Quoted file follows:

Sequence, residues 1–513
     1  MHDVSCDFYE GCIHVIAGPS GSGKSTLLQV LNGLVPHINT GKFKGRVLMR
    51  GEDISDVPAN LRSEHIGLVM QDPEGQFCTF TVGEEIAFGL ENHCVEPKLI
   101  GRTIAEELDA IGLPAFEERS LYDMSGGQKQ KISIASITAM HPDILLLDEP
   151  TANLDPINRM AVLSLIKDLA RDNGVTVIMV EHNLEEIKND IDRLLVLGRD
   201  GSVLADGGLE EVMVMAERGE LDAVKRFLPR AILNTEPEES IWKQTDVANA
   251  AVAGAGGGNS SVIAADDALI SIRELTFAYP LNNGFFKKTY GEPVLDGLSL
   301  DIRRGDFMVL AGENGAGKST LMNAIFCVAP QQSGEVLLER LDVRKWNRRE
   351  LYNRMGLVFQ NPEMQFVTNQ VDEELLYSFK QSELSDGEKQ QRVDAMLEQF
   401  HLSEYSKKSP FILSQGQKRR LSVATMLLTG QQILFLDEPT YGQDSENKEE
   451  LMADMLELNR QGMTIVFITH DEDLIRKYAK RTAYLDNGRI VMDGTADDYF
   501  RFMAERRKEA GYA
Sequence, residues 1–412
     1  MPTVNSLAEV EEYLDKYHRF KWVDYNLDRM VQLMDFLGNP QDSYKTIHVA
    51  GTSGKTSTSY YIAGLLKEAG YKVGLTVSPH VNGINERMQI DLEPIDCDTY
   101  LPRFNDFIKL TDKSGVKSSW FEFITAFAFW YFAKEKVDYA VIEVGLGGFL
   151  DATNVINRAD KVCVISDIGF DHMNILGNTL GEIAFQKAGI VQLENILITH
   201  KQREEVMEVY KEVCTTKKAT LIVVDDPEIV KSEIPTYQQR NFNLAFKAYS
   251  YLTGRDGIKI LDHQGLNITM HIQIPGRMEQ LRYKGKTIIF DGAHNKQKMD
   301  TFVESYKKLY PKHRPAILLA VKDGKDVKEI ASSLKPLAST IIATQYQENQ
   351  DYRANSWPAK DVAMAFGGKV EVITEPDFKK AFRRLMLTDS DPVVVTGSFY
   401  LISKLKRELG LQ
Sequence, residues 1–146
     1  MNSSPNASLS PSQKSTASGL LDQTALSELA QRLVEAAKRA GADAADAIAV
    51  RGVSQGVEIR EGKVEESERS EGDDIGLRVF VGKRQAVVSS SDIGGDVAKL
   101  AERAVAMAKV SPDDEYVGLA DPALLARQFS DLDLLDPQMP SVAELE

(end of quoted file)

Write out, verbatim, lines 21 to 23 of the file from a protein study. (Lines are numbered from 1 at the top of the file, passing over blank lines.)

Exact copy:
   351  DYRANSWPAK DVAMAFGGKV EVITEPDFKK AFRRLMLTDS DPVVVTGSFY
   401  LISKLKRELG LQ
Sequence, residues 1–146